Learn to Quit’s main active ingredient is Acceptance and Commitment Therapy (ACT) [54]. We chose this behavior change approach because (1) it has promising results across multiple smoking cessation clinical trials [19,55-58]; (2) its components have shown to predict smoking cessation outcomes [59-61]; (3) it is an intervention originally developed to provides skills to cope with mental health symptoms [54]; and (4) it has been successfully adapted to people with SMI [62-65]. These 4 characteristics made ACT a suitable evidence-based approach for smoking cessation in this specific population.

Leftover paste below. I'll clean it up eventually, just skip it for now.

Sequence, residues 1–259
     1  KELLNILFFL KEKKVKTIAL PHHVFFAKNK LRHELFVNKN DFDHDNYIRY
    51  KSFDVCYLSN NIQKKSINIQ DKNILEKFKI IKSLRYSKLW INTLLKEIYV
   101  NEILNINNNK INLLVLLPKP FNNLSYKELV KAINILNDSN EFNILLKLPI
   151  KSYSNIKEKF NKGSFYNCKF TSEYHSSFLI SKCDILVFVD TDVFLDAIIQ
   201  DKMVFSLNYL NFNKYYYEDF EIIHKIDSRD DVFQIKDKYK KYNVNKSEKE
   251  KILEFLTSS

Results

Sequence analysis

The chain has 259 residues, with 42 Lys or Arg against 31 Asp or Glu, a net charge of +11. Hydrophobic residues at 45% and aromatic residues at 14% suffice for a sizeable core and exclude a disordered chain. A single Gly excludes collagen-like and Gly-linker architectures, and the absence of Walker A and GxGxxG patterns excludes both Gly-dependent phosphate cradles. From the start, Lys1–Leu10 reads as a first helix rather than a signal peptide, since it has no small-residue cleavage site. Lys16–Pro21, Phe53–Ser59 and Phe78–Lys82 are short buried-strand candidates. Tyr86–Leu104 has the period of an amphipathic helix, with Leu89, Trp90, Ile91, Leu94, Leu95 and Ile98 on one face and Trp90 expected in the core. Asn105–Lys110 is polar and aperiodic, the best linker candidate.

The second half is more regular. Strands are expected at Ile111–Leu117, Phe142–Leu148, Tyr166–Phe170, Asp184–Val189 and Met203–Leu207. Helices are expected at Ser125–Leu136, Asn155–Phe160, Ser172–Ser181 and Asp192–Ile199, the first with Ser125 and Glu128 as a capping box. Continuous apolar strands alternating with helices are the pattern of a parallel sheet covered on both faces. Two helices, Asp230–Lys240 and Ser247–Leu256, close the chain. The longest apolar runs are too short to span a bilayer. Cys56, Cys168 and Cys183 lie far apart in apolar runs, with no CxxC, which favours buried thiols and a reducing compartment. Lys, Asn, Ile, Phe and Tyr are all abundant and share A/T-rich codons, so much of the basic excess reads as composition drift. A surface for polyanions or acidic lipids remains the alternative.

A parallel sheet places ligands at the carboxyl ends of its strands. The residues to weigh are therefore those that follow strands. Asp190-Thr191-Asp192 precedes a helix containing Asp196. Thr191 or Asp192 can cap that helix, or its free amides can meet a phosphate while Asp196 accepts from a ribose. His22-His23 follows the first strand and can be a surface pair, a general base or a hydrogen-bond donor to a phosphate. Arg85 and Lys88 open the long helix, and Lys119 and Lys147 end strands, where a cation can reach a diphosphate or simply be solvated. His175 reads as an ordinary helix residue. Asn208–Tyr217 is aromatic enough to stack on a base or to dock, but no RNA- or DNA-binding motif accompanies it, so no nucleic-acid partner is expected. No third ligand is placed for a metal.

ACT has 3 components relevant to smoking cessation: awareness, or the smoker’s ability to recognize smoking triggers and urges; openness, or the smoker’s willingness to experience smoking urges and triggers; and values activation, or the smoker’s active engagement in values-based activities related to health. The app content was therefore designed to deliver techniques related to each of those components, which predicted smoking cessation outcomes in previous research [59,60]. A secondary active ingredient of our intervention was adherence to key elements of USCPG for smoking cessation [66]. These guidelines include setting up a quit date, proper use of medication aids (eg, nicotine patch), and preparing for relapse. These 2 active ingredients (ACT and USCPG) were integrated to ensure an evidence-based design approach to app development.